Shaw has incorporated these strategies into its new programs to assist dealers, and all 900 dealers who attended the show received iPad Minis loaded with Yarrow’s e-book as well as all of Shaw’s digital programs to help dealers connect with the new consumer.
One of the most interesting digital tools for consumer engagement is a mobile app called Floorvana, which lets the consumer take inspiration from anywhere, such as cool curtains at a friend’s house, scenery from vacation, or the stripes in a favorite shirt. Users take or upload any photo, and Floorvana samples colors from the photo. Users pick from the color samples, and the app displays any Shaw flooring that coordinates with the chosen color. The app then connects the user with the nearest Shaw dealer to see the flooring in person. Salespeople can also utilize the app in the store to better assist customers who come in with a swatch of fabric or a paint chip.
SCHÖNOX FACTORY TOUR IN GERMANY
On the way to Domotex in mid-January, I stopped in Rosendahl, Germany to see how Schönox makes its self-leveling floor-prep system that’s been attracting so much attention recently here in the U.S. We’ve all heard the proverb that “necessity is the mother of invention” and this certainly comes to mind when you hear the story about the invention of this product. In the early ’90s, when the Berlin Wall was torn down and Germany was reunified, the country started focusing on repairing the infrastructure of the Eastern Bloc, which had deteriorated after many years of neglect. Many of the interior subfloors were cracked and had to be repaired.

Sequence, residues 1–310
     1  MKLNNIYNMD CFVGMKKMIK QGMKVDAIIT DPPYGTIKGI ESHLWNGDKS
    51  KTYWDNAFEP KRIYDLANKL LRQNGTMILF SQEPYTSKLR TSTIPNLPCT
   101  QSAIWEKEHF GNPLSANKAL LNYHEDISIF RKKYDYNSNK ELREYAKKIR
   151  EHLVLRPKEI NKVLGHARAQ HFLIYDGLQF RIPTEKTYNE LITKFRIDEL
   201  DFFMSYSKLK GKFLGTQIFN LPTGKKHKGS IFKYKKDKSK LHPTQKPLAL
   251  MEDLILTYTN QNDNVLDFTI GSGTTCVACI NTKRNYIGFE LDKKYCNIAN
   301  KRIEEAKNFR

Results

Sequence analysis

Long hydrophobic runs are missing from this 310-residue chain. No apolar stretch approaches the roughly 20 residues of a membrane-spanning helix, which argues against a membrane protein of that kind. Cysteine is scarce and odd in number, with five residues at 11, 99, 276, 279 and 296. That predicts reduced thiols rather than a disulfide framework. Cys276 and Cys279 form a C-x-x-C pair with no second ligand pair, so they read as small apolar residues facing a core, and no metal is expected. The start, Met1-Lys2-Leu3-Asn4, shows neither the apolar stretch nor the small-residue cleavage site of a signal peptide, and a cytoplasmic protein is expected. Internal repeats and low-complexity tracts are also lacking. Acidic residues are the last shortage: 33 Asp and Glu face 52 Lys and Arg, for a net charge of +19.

Before long the engineers at Schönox, a company with a heritage that dates back to 1891, used their German ingenuity to develop a revolutionary subfloor system made out of synthetic gypsum that not only repaired the cracks but also created a durable and level foundation for the quick installation of new floorcovering. Today, that system has been so successful that it’s the marketshare leader in Germany and many other European countries.